Modern Irish cuisine

We might be a small island, but when it comes to food, we’ve got big culinary ambitions

Irish food has been rustic and filling – the kind of stuff that would get you through a cold winter; the kind of stuff that warms the cockles. Irish stew, colcannon, beef and Guinness pie – they’re all great dishes, but dig a little deeper and you’ll find a new strand of creative Irish cuisine fuelled by artisan producers, innovative chefs, and world-class ingredients that are right on our doorstep.

We would tend to agree: from sea to shore, there’s never been a better range of produce to tuck into: super-fresh oysters, mussels and hand-dived scallops; estate venison; grass-fed free-range beef; extraordinary sea vegetables plucked from salty Atlantic waters; homemade fudge and handmade chocolate; award-winning black pudding; the prized Comber potato; rich, deep yellow country butter. All of these ingredients, and basket-loads more, are being used to their best advantage by dynamic chefs all over the island of Ireland.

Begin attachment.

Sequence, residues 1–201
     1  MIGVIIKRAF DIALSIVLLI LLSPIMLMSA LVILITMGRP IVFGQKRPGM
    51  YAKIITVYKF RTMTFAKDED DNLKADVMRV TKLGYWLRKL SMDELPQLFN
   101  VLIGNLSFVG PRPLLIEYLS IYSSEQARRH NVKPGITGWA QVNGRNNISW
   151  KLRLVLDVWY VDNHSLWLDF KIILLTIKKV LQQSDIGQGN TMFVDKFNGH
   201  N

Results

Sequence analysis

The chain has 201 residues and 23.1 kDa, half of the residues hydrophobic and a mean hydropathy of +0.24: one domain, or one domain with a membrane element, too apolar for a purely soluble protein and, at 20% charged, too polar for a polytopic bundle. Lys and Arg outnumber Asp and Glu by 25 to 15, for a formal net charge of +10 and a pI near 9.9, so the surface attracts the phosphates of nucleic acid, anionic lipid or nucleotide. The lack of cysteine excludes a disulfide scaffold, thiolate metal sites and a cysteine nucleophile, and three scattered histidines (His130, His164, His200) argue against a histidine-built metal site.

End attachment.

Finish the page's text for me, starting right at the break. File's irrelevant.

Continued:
The bold mix of Irish produce and international influences has hit its zenith at critically acclaimed restaurants such as the one Michelin Star Cliff House Hotel in County Waterford, where Head Chef Matrijn Kajuiter invents creative dishes like “Bantry Bay organic salmon with bonbon, mi-cuit, iced marinated garden beetroot, pickled cucumber, herb cream, salmon eggs and whiskey oak smoke”. 

Elsewhere, you’ll find local restaurants, country houses and small hotels becoming bastions of modern Irish, with a focus on local produce mixed with pure imagination. Among those causing a stir are The Long Room at Doonbeg in County Clare, Newforge House in County Armagh, the award-winning Lough Erne Resort in County Fermanagh, James Street South in Belfast,and Dunbrody House in County Wexford.